No greenhouse?  Start Seeds Indoors – we are now the prerequisite six to eight weeks away from March!  Start tomatoes, marigolds, peppers, cosmos, zucchini, impatiens, salvia, basil, and others.  Especially start peppers!  They take longer than other veggies.  Otherwise, wait until all chance of freezing temperatures have passed and buy transplants at your favorite nursery.  I’ve seen zucchini started in the ground in January thrive.  If it doesn’t come up, no problem!  Put some more seeds in soon again!  Keep planting.  I haven’t seen it work with tomatoes, but Marshall Chrostowski of Pacifica Institute’s Garden starts his toms in January for late March picking!  He uses heat transmitting black row covers on the ground, and floating row covers above.  That’s clear plastic with holes over hoops.  They make the soil 15 degrees warmer, with 15-20% warmer air!  You can buy floating row covers at your nursery.  Give it a try! Eating garden fresh organic tomatoes late March?! Yum! Row covers will speed up your notorious slow-grower peppers too! Not only do floating row covers warm things up, but they keep flying pests away from your plants! Check out Digital Seed’s Planting Schedule!

Read Full Post »


March 6  Orchid Greenhouse Exchange
1 to 3, 5155 Camino Floral  As with all Neighborhood Exchanges:  Bring whatever you have this time or year, or a baked good to share, or something garden related: an article of interest to pass around, etc..  But do come, no matter as we all get something out of being together!

March 12! 10 AM How to Grow More Delicious Edibles Per Square Foot Than You Ever Thought Possible! That will include 10 Space Saving Strategies and 11 Practices for Higher Yields! Cerena Childress, a Master Gardener presentation at La Sumida NurseryRain or shine. Class is FREE!  Would love for you to join us!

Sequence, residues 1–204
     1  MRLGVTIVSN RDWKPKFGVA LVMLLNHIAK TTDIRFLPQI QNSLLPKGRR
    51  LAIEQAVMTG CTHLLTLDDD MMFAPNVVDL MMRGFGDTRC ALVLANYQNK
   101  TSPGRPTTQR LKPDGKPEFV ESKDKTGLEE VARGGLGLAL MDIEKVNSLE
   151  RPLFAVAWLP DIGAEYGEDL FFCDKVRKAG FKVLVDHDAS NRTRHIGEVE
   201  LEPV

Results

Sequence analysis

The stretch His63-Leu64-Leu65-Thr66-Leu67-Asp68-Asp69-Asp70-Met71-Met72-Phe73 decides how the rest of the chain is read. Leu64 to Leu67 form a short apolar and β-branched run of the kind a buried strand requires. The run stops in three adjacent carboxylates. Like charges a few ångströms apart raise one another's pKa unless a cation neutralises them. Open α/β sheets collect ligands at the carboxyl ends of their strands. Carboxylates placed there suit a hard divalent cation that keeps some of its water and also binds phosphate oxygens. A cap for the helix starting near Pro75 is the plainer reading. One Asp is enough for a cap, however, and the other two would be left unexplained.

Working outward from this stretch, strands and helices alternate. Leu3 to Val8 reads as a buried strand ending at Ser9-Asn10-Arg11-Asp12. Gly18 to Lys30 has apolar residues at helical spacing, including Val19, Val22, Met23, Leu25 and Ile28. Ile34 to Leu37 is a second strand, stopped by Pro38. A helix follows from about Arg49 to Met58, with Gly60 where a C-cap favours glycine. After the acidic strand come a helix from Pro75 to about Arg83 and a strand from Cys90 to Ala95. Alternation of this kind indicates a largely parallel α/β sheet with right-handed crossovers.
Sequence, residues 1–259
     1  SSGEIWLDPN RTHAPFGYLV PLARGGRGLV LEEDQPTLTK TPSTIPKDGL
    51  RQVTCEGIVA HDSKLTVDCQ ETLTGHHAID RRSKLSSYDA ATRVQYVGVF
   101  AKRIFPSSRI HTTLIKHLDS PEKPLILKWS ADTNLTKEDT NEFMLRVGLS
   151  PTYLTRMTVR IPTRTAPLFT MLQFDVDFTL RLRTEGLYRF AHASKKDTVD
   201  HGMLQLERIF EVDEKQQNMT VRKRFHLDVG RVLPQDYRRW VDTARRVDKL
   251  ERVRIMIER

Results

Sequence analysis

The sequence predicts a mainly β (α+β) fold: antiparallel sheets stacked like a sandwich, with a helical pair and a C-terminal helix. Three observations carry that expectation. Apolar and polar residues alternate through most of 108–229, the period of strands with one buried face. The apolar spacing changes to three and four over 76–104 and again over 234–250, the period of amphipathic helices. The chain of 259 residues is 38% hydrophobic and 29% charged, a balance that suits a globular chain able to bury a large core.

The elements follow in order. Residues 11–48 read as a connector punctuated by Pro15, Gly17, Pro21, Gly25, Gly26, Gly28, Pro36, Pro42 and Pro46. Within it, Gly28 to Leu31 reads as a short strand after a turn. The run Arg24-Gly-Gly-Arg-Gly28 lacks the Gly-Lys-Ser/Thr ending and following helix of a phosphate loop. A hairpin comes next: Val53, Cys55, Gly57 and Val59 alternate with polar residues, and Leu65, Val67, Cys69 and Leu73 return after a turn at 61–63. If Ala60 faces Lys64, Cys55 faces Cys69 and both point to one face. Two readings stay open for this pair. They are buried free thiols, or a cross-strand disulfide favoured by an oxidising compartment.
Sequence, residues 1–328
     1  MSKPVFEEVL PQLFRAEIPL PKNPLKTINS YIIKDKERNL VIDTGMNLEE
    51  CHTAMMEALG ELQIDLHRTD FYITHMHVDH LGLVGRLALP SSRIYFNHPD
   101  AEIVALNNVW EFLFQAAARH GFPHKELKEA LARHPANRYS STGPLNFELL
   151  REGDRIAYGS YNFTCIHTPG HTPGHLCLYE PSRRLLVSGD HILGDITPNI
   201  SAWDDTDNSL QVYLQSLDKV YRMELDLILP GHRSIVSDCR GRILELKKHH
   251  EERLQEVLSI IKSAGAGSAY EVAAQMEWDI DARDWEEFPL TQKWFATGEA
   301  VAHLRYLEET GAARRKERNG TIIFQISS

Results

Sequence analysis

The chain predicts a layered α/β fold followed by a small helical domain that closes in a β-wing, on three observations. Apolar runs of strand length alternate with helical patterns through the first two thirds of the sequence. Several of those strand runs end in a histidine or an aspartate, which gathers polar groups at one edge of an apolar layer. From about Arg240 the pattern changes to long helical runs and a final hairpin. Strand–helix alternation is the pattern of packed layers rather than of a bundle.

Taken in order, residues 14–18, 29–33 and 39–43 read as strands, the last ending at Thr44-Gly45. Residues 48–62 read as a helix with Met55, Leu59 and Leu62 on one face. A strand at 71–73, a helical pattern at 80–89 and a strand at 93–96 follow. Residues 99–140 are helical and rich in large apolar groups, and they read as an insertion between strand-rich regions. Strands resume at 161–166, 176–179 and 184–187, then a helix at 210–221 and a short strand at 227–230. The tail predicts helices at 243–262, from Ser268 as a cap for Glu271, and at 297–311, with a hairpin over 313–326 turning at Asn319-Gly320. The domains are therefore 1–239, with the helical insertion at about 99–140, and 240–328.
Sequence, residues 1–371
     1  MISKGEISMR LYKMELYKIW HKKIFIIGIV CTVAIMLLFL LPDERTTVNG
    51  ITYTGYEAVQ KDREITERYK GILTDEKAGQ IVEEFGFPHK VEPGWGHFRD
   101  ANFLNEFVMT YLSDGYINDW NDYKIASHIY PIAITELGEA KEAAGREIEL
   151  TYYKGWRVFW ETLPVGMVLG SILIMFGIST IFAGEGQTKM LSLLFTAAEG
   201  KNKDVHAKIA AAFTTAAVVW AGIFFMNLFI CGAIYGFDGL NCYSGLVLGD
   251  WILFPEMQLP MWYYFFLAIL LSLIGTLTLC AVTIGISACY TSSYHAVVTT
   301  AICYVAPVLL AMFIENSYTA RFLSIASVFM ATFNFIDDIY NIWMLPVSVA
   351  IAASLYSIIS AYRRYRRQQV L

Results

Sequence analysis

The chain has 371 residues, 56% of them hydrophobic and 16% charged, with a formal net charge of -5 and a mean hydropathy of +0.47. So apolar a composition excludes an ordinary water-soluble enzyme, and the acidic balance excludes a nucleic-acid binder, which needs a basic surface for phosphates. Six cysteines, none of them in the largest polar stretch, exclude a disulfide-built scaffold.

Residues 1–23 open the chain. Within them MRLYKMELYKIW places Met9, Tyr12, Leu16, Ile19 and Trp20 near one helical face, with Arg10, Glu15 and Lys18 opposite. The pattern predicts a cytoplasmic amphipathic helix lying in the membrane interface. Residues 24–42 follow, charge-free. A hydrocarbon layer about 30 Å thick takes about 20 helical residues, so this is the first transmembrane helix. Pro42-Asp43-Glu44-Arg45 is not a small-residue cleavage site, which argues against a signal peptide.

March 11 to 13  International Orchid Show Earl Warren Showgrounds, U.S. Hwy 101 at Las Positas  805-969-5746

Saturday, March 19 San Roque Garden Exchange 10-1  1440 Jesusita Lane

March 20  Happy Spring Equinox!

March 26  Fairview Gardens, Urban Homesteading, all day 9 to 5, Garden Layout & Bed Prep, Lasagna Gardening! Mark Tollefson. Lasagna gardening, a layered approach, creates highly aerated soils with high fertility. Discover how to use this system to grow many vegetables in a small space and at a higher rate of efficiency and productivity.    $85.00

Sign up in advance for April 30 Sheet Mulching – The Lazy Gardener’s Guide to Growing, all day 9 to 5    $85
June 4 & 5 Introduction to Permaculture: 2 Day program Two full days $195
June 18 Container Gardening – Gardening for small spaces 9 am to 12 pm $40

Earth Day 2011 Powered By the People” April 16, 17

The Community Environmental Council (CEC) will host the Santa Barbara Earth Day Festival at Alameda Park Saturday, April 16 and Sunday, April 17, 2011. The 2011 theme, “Powered by the People,” is in line with the CEC’s Fossil Free by ’33 campaign and emphasizes the power of daily choices in making Santa Barbara one of the first fossil-free communities in the nation.

The festival will feature approximately 250 exhibitors, a free valet bike parking section that is expected to hold over 1,000 bikes, and the third annual Green Shorts Film Festival. It will also include the festival’s 11th Green Car Show – featuring the largest collection of efficient and alternative fueled vehicles between Los Angeles and San Francisco and the longest-running show of its kind in the country.

Volunteer, attend, do come and enjoy!

Read Full Post »

FIRST WEEK OF MARCH!  

Tasty Provider Beans, Powdery Mildew Resistant